Harvest and extinction in multi-species ecosystems
A potential cost of harvesting in multi-species ecosystems is the extinction of nonharvested species that are at the same trophic level as the harvested species. Existing analytical models are not well-suited for studying this harvest externality because they focus on species interactions across trophic levels instead of within them. We identify the conditions under which the harvesting of a single species causes at least one extinction of nonharvested species at the same trophic level. We compare two harvest regimes: uniform management, in which a privately optimal harvest rate is applied to the entire ecosystem; and specialized management, in which a portion of the ecosystem is intensively managed for the harvested species and the rest is left unharvested. Which regime is more likely to result in extinction depends on the discount rate and on the harvested species' competitive ability and colonization rate compared to those of the other species.
If you experience problems downloading a file, check if you have the proper application to view it first. In case of further problems read the IDEAS help page. Note that these files are not on the IDEAS site. Please be patient as the files may be large.
As the access to this document is restricted, you may want to look for a different version under "Related research" (further below) or search for a different version of it.
References listed on IDEAS
Please report citation or reference errors to , or , if you are the registered author of the cited work, log in to your RePEc Author Service profile, click on "citations" and make appropriate adjustments.:
- William Brock & Anastasios Xepapadeas, .
"Valuing Biodiversity from an Economic Perspective: AUnified Economic, Ecological and Genetic Approach,"
0301, University of Crete, Department of Economics.
- William A. Brock & Anastasios Xepapadeas, 2003. "Valuing Biodiversity from an Economic Perspective: A Unified Economic, Ecological, and Genetic Approach," American Economic Review, American Economic Association, vol. 93(5), pages 1597-1614, December.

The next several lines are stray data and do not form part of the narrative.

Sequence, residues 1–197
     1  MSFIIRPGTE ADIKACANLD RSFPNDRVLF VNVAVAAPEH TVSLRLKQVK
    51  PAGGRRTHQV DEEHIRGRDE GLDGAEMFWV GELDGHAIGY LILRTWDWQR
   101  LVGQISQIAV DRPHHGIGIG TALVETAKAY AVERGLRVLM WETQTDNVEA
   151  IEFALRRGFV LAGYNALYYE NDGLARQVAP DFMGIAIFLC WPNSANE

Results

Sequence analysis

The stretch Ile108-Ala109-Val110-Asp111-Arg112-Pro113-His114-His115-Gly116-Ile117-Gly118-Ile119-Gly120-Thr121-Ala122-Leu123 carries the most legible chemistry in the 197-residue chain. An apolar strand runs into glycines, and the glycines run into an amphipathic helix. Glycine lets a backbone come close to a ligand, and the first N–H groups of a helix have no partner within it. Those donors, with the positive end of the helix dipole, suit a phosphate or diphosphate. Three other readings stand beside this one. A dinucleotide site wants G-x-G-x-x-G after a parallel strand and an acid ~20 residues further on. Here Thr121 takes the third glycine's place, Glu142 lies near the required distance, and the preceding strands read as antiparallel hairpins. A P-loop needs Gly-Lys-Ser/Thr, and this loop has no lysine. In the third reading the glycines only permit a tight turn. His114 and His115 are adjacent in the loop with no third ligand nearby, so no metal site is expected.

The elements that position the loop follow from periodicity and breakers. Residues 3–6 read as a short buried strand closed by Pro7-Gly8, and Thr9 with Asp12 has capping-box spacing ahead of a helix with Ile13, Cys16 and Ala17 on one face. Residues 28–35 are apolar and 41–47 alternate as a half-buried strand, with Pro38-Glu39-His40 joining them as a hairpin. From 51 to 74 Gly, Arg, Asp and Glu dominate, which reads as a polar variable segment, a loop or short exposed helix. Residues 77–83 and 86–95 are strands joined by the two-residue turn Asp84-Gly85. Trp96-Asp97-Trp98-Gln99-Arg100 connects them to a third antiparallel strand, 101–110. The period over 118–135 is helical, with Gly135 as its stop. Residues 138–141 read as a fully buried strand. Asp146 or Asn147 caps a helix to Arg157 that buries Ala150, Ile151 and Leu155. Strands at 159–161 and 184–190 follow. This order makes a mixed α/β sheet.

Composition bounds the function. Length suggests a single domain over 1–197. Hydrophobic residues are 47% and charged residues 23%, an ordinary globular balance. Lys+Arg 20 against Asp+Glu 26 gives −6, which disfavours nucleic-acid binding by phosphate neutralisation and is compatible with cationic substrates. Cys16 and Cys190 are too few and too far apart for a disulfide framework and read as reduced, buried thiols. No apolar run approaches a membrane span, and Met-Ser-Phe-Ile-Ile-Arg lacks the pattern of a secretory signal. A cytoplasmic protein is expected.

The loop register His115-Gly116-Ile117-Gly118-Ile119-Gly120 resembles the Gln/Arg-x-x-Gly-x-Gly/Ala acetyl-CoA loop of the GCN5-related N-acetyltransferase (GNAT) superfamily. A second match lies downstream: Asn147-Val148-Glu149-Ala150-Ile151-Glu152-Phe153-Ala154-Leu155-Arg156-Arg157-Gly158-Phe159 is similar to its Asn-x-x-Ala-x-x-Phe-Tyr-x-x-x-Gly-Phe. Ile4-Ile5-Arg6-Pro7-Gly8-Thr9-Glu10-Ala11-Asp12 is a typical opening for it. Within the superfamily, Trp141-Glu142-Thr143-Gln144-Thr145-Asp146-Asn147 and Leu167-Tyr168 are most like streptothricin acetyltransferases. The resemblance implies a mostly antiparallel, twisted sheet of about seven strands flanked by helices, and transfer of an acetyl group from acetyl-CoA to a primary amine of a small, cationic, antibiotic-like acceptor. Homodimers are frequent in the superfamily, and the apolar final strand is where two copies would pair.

- Brock,W.A. & Xepapadeas,A., 2003. "Valuing biodiversity from an economic perspective : a unified economic, ecological and genetic approach," Working papers 9, Wisconsin Madison - Social Systems.
- Brock,W. & Xepapadeas,A., 2001. "Valuing biodiversity from an economic perspective : a unified economic, ecological and genetic approach," Working papers 17, Wisconsin Madison - Social Systems.
- William Brock & Anastasios Xepapadeas, 2001. "Valuing Biodiversity from an Economic Perspective: A Unified Economic, Ecological and Genetic Approach," Working Papers 0102, University of Crete, Department of Economics.
- Flaaten, Ola, 1991. "Bioeconomics of sustainable harvest of competing species," Journal of Environmental Economics and Management, Elsevier, vol. 20(2), pages 163-180, March.
- Clark, Colin W, 1973. "Profit Maximization and the Extinction of Animal Species," Journal of Political Economy, University of Chicago Press, vol. 81(4), pages 950-61, July-Aug..
- Brock,W. & Xepapadeas,A., 2000.
"Optimal ecosystem management when species compete for limiting resources,"
27, Wisconsin Madison - Social Systems.
- Brock, William & Xepapadeas, Anastasios, 2002. "Optimal Ecosystem Management when Species Compete for Limiting Resources," Journal of Environmental Economics and Management, Elsevier, vol. 44(2), pages 189-220, September.
- Tilman, David & Polasky, Stephen & Lehman, Clarence, 2005. "Diversity, productivity and temporal stability in the economies of humans and nature," Journal of Environmental Economics and Management, Elsevier, vol. 49(3), pages 405-426, May.
- Finnoff, David & Tschirhart, John, 2003. "Harvesting in an eight-species ecosystem," Journal of Environmental Economics and Management, Elsevier, vol. 45(3), pages 589-611, May.
When requesting a correction, please mention this item's handle: RePEc:eee:ecolec:v:65:y:2008:i:2:p:336-347. See general information about how to correct material in RePEc.
For technical questions regarding this item, or to correct its authors, title, abstract, bibliographic or download information, contact: (Zhang, Lei)
If you have authored this item and are not yet registered with RePEc, we encourage you to do it here. This allows to link your profile to this item. It also allows you to accept potential citations to this item that we are uncertain about.
If references are entirely missing, you can add them using this form.
If the full references list an item that is present in RePEc, but the system did not link to it, you can help with this form.
If you know of missing items citing this one, you can help us creating those links by adding the relevant references in the same way as above, for each refering item. If you are a registered author of this item, you may also want to check the "citations" tab in your profile, as there may be some citations waiting for confirmation.
Please note that corrections may take a couple of weeks to filter through the various RePEc services.